Mexican Spanish has only a few phrases for time whereas we have dozens: kill time, waste time, spend time, save time, time flies, spare time, make time, time is money and more! He said that killing or wasting time is totally lost on Mexicans. Time can never be wasted because free time is so valued. Sitting for hours with friends or family, for no apparent reason (to us), is extremely valued. Being on time depends on whether something else takes priority, like unexpectedly having to drive a family member somewhere, or a enjoying a visit with a friend who stops by unexpectedly. They would never cut short a visit with a dear friend and tell them that they have be somewhere else. That would be disrespectful toward that friend and tell them that they are not important. As more American culture infiltrates Mexican culture, time and being on time is becoming more important .... but usually does not take priority over the needs of family and friends.

I think we can learn a lot from them. Whereas many Canadians and Americans might feel disrespected when a person is not on time (as in "my time is valuable and you arriving late is a sign of disrespect"), is a concept totally lost on many cultures ... as it is with Mexicans. Saying "I trust that you will respect my time, by being on time," is responded to with "of course." But, the follow through may not be there.

Another deeply held custom throughout all of Mexico is La Courtesia - The Courtesies. These "rules" were mandated into law in the 1940s although no one went to jail if it wasn't followed. It took a couple of generations for La Courtesia to become deeply entrenched. Essentially, they are a set of rules of courtesy that became the responsibility of mothers to teach to her children. A child or young adult who doesn't follow the rules is seen as uneducated and their behaviour is a direct reflection of the mother's ability to educate her children.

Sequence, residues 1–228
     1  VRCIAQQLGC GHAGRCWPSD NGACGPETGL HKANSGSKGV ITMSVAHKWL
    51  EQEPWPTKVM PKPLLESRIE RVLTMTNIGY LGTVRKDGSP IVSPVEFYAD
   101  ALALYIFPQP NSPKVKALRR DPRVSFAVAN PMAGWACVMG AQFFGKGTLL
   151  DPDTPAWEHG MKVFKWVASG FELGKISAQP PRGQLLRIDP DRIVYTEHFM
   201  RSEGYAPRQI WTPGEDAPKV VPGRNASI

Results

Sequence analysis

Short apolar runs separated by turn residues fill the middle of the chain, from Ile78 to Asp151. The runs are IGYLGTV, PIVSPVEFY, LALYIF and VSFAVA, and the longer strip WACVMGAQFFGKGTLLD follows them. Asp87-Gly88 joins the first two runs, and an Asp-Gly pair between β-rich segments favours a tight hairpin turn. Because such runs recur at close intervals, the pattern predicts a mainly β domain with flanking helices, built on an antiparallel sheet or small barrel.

Two of the courtesies taught are:

- To always greet a person when that person enters a room or you enter a room ... and you say it to each and every person. So, when entering a person's space, they will say "Buenos Dias" (good morning), "Buenas Tardes" (good afternoon, noon to 7pm) or "Buenas Noches" (good evening) to each and every person. To enter a room or personal space without greeting is considered very poor manners. So, while walking down the street, if a person makes eye contact, they will almost always acknowledge you warmly with a smile and a greeting.

- To use "Buen Provecho" or just "Provecho" when entering a restaurant as you pass by a table of people eating. It will always be responded to with a smile and "Gracias," and shows that you are respectful and well brought up by your mother. Although similar to Bon Appetite, it literally means "I hope you get the most from your meal" and is a blessing on the meal. When entering or leaving any space where people are eating, it is considered rude not to say it. Even in a crowded restaurant, as you pass tables, you would say to each table "Buen Provecho." It feels really awkward at first, but the responses are so warm that it encourages me to step out of my comfort zone.

Mexicans usually perceive North Americans as cold or even rude because we don't greet each other. We might say a short "hi" but we usually don't look the person in the eye and make a point of greeting each and every person. Es muy importante to practise these courtesies ... they aren't ingrained in us. Ok, well, we Italians (or part Italians), are used to the hug, the kiss and the embrace. But, we don't usually go out of our way with strangers. Again stepping out of our comfort zones. Muy importante!!

And so it goes ... the lessons continue on many levels. Different cultures teach us so much about ourselves, don't they ... whether we want them to or not :-)